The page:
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Child Marriage Cuts Childhoods Short

The minimum age of marriage must be 18 years with or without parental consent and with no exceptions, says Unicef.

Girls outnumber boys in child marriage cases in Malaysia Photo from UNICEF Malaysia’s Facebook page.

KUALA LUMPUR, July 22 – The United Nation Children’s Fund (Unicef) has welcomed the recent amendment by the Kedah State Assembly to raise the minimum age of marriage of girls from 16 to 18.

Kedah is now the only state after Selangor — which amended the minimum legal marriage age in 2018 — to have raised the minimum age of marriage to 18.

“As Kedah joins Selangor on this important legislation for girls, Unicef urges other states to raise their minimum age of marriage also,” said Amanda Bissex, Unicef representative in Malaysia.

“The amendment, while an important first step, still allows Muslim girls below the age of 18 to be married with the Syariah court’s permission,” she said in a statement.

The civil law of Malaysia also allows state chief ministers to grant girls between the ages of 16 and 18 the permission to be married.

In line with the recommendation of the Committee on the Rights of the Child, Unicef maintains that the minimum age of marriage to be 18, with or without parental consent, and with no exceptions.

In its advocacy brief Towards Ending Child Marriage In Malaysia, Unicef outlines that child marriage cuts childhoods short. Those married as children often drop out of school, resigning them to a lifetime of limited economic prospects.

Furthermore, early pregnancy and childbirth carry serious health risks. Domestic violence and sexual exploitation is also more likely in child marriages. In Malaysia, at least 1,500 children still marry every year.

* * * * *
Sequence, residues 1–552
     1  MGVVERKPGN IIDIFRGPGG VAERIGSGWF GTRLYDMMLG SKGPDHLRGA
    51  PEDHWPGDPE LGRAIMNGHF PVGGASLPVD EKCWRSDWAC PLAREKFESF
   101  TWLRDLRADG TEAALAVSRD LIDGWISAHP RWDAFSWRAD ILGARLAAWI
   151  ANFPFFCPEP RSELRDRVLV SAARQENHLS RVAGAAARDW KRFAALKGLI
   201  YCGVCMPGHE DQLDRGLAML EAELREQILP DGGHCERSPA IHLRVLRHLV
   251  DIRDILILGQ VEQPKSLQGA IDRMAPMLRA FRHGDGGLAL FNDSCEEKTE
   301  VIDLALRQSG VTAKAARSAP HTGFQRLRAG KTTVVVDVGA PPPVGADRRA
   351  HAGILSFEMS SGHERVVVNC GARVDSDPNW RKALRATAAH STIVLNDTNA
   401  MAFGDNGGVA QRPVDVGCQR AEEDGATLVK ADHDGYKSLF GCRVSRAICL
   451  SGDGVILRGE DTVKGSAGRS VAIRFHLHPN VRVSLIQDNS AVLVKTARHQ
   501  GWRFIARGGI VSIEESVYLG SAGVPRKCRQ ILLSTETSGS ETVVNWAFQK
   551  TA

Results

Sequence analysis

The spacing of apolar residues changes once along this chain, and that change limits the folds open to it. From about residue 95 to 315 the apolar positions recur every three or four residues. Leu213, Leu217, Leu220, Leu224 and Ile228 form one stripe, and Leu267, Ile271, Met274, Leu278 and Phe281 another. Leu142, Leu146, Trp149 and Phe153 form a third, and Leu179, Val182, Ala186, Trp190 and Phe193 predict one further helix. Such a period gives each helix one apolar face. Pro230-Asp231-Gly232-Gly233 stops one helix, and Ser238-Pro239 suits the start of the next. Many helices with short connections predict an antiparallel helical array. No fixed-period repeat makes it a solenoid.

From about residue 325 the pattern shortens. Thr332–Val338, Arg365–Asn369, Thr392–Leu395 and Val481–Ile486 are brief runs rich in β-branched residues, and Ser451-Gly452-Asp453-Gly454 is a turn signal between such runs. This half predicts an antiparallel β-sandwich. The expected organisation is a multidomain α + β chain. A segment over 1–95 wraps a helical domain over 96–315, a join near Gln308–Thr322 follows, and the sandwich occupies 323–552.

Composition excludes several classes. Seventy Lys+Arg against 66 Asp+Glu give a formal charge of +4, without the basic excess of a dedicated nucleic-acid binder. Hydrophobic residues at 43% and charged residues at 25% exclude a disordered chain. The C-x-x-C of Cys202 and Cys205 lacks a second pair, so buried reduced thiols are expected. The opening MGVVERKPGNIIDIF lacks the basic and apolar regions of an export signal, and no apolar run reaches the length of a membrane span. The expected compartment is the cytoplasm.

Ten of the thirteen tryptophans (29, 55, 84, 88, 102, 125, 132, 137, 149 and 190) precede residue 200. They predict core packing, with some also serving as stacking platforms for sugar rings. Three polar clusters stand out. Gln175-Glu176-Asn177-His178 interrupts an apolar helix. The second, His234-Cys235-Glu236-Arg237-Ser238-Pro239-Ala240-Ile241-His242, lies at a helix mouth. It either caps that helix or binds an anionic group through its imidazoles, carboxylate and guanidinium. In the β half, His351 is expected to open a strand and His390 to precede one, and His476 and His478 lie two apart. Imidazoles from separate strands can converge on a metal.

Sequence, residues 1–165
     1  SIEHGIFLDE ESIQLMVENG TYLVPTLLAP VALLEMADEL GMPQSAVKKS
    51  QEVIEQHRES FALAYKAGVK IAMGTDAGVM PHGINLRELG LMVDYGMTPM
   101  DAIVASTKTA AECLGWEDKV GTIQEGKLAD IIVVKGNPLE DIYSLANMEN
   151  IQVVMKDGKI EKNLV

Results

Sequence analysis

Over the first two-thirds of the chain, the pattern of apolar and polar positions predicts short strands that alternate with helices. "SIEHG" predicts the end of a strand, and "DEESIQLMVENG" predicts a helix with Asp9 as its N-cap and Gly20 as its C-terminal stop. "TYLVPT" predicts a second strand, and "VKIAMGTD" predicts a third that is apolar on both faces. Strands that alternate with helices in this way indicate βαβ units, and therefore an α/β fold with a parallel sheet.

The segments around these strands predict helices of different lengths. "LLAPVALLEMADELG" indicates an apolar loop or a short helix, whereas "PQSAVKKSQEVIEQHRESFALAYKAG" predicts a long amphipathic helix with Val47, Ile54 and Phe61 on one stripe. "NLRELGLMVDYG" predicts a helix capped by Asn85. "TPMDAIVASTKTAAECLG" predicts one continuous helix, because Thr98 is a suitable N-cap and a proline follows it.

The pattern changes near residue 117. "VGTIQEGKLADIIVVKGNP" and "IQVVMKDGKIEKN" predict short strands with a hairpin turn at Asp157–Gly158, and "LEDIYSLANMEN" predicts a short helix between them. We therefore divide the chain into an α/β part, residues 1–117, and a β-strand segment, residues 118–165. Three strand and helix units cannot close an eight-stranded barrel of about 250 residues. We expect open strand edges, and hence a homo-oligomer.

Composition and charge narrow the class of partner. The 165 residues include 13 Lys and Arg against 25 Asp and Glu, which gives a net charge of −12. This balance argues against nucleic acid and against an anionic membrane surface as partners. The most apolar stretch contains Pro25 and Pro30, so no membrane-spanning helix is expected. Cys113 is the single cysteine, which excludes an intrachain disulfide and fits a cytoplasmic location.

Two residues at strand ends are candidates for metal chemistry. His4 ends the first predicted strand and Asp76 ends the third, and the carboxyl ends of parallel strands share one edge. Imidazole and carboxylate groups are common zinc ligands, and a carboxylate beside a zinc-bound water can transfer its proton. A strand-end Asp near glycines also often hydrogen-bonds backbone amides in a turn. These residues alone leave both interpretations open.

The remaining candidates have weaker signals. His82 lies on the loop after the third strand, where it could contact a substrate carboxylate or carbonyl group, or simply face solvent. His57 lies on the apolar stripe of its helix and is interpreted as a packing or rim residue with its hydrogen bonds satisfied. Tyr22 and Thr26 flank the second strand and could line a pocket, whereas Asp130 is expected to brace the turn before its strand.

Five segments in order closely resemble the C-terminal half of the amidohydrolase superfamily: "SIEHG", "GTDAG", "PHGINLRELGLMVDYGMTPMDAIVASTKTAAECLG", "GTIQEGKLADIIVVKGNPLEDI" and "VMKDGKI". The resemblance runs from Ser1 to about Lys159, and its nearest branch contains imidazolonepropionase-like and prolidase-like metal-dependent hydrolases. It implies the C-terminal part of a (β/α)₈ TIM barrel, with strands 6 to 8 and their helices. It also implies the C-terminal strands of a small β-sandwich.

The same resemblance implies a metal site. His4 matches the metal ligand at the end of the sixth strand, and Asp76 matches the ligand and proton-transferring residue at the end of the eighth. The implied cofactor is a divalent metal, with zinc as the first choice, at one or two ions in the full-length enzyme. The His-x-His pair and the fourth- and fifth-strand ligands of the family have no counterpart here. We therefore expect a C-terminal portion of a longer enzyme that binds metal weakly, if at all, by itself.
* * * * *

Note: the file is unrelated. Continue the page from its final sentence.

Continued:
Addressing child marriage requires the support of parents, teachers, young people, policy makers, legislators, as well as religious and community leaders, said Bissex. 

“The National Strategic Plan in Handling the Causes of Child Marriage 2020-2025, developed by the Ministry of Women Family and Community Development provides the framework to eliminate child marriage by addressing low household income and poverty, lack of access to sexual reproductive health information and services, lack of access to education and poor school attendance, underlying social norms, gaps in the legal framework and in data on child marriage,” she said.

She encourages the government and its partners to provide the resources necessary to fully implement the National Strategic Plan.

Additionally, lack of access to basic services, including education, increases the risk of child marriage among migrant and refugee children, Bissex said, adding that Unicef urges the inclusion of all children in programmes and policy action to eliminate child marriage.

“Eliminating child marriage gets Malaysia one step closer to fulfill Sustainable Development Goal 5 on achieving gender equality and empowering all women and girls in addition to eight other goals including Goal 1: No poverty, Goal 4: Quality education, and Goal 10: Reduce inequalities,” she said.

“Malaysia, as it works towards high-income country status, stands to benefit from eliminating child marriage and ensuring all the children in the country are empowered, educated, and healthy.”

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